“Speaking frankly, it will also need a lot of political cover from politicians and minsters to take that course. There are 1.3m regular CBD users in the U.K. that is a very large base of consumers, and voters, who won’t necessarily take kindly to their products being outlawed. Quite apart from the economic impact on the companies creating revenues and jobs in the U.K.
“In reality, these regulations need to be complied with, but first of all we need the regulators to tell the industry – and ultimately consumers – what is lawful and what is proportionate in terms of Novel Food.”
He described the current European impasse on Novel foods as a ‘phoney war’. “What we have is a change in the law determined by a political vote in Brussels that has implications on the ground for companies in the U.K., in an industry which is now growing, is very important, and is relied upon by many consumers, but there is an apparent reticence to implement that law change by enforcement.
“If, and when, it does come it will create a shock for the CBD market. The best CBD companies are aware of what Novel Food means for them and there are companies actively pursuing a Novel Food application on the grounds that is the requirement, as it stands today, and even if it changes in the future they should ensure compliance with the law as it exists, today.”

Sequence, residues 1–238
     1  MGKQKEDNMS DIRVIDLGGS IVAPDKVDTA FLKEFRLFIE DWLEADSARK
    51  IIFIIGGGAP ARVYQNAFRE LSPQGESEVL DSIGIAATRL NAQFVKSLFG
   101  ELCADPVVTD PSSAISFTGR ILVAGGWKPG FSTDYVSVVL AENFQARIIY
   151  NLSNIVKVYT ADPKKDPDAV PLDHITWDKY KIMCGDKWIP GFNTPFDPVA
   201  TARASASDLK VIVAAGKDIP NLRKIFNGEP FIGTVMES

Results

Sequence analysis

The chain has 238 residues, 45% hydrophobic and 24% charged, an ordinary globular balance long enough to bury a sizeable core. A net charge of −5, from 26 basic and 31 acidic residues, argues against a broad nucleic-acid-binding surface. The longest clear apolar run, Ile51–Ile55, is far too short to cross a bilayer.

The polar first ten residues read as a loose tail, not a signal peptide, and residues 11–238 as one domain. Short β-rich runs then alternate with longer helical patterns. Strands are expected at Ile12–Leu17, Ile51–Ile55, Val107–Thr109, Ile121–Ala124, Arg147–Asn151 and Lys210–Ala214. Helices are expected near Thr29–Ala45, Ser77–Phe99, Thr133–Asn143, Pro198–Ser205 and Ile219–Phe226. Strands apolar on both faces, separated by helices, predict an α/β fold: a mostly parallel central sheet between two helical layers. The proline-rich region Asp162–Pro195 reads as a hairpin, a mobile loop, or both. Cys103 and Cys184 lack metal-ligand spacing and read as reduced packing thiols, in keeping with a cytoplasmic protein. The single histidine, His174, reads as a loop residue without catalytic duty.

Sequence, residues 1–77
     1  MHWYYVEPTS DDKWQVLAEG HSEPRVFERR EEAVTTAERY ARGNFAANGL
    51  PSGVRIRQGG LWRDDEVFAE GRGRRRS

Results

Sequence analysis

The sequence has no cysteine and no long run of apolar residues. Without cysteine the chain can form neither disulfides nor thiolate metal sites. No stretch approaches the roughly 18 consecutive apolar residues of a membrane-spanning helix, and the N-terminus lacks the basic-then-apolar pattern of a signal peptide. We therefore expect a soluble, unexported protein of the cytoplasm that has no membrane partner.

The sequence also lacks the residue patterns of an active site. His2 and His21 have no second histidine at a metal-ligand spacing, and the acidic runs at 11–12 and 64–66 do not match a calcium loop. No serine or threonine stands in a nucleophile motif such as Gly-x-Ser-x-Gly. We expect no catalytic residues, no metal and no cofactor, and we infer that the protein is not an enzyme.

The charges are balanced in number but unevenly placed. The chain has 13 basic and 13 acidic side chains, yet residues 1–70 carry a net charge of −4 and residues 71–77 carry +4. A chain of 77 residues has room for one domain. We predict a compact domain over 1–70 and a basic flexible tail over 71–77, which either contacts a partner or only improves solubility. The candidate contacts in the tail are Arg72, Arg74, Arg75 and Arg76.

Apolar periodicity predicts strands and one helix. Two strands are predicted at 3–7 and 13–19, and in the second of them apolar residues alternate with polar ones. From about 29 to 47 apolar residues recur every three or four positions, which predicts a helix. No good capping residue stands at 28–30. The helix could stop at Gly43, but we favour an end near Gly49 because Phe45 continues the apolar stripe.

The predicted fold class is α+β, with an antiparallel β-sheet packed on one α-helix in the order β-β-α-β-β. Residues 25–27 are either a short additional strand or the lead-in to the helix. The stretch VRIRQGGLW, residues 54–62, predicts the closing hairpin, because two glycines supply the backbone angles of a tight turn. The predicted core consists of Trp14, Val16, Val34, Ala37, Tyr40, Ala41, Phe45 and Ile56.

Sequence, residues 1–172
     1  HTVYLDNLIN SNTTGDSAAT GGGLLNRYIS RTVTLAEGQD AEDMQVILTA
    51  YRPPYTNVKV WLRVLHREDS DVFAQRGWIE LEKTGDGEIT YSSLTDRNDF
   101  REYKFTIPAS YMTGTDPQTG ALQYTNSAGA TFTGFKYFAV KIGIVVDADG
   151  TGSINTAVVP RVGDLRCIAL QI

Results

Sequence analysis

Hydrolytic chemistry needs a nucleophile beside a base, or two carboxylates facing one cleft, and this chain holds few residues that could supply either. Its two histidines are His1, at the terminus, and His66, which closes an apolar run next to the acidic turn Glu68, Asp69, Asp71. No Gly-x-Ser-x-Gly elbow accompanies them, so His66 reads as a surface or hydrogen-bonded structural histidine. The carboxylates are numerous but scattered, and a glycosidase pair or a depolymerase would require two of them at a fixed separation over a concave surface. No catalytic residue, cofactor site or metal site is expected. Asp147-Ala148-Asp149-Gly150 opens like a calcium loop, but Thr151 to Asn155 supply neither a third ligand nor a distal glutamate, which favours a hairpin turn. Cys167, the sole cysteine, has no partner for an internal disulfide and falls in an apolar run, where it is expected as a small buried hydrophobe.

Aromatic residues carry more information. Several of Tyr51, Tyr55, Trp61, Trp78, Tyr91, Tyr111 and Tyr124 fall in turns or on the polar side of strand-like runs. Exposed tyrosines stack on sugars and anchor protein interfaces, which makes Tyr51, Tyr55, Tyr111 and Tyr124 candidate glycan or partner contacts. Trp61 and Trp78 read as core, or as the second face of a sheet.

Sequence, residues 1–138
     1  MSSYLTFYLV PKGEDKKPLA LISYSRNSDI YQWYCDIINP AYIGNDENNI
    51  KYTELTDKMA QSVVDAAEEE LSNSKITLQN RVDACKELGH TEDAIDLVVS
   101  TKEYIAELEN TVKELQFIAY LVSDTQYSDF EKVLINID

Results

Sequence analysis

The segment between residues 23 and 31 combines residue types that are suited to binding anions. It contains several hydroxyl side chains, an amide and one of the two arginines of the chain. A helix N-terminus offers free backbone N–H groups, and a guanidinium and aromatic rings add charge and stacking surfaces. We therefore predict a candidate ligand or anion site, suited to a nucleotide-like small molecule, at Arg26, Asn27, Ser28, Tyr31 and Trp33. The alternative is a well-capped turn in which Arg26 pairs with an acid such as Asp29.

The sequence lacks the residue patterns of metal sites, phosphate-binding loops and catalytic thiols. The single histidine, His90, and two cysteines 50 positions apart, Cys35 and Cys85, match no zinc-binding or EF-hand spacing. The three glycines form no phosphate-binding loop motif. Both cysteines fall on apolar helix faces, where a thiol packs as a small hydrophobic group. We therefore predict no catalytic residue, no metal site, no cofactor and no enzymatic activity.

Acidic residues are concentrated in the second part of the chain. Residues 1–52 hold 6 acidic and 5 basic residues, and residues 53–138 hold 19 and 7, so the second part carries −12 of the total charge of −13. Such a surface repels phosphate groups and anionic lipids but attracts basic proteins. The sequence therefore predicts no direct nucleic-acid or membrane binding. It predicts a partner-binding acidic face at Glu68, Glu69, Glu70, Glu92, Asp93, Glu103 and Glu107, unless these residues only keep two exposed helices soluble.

Possible Brexit Bonus
Looking beyond Brexit Mr Gibbs sees immense potential for the British cannabis industry if the U.K. leaves the EU.
“There is a better way to proceed and devise something fit for the U.K. based on a less restrictive, more innovative third way for cannabinoid medication.
“At the moment there is not the appetite to do that, but outside the EU, like Switzerland, we would have the chance to go our own way.” He also hit out at the ‘archaic’ regulations which prevent domestic famers supplying the U.K. CBD market.
Archaic Regulations Stymie U.K Growers
“This is so important and such a simple thing to fix. The U.K. hemp rules are archaic and completely out of step with how this new agricultural commodity is being governed and regulated everywhere else in the world.
“The passage of U.S. Farm Bill, the recent changes in New Zealand around the cultivation of hemp, changes closer to home in British Isles such as Jersey and Guernsey, what Canada has done to allow its hemp farmers to supply CBD into its market.
“They all put enormous pressure on countries like the U.K. to justify why we have such an old fashioned and retrograde approach to the cultivation of a plant.
“We have the perverse situation where farmers must pay the Home Office – the national security department of the British state – for a licence to grow hemp from a list of approved hemp seeds all of which have guarantees to certify they will produce no more than 0.2% THC.